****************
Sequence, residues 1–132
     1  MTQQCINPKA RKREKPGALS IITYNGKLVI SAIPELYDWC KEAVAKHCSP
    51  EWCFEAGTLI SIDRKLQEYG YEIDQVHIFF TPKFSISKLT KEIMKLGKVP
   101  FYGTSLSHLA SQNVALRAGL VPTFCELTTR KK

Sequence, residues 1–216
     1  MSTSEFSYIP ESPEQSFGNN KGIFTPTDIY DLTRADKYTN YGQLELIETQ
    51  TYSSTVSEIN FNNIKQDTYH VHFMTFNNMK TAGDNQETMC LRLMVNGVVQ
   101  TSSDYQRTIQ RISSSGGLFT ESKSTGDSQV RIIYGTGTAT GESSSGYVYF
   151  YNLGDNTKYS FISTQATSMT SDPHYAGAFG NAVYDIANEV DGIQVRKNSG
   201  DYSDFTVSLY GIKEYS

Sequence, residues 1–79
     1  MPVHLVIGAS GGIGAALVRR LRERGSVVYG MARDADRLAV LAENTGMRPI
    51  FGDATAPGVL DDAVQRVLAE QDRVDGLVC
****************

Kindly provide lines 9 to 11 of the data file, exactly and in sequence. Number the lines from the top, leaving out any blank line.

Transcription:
   151  YNLGDNTKYS FISTQATSMT SDPHYAGAFG NAVYDIANEV DGIQVRKNSG
   201  DYSDFTVSLY GIKEYS

Sequence, residues 1–79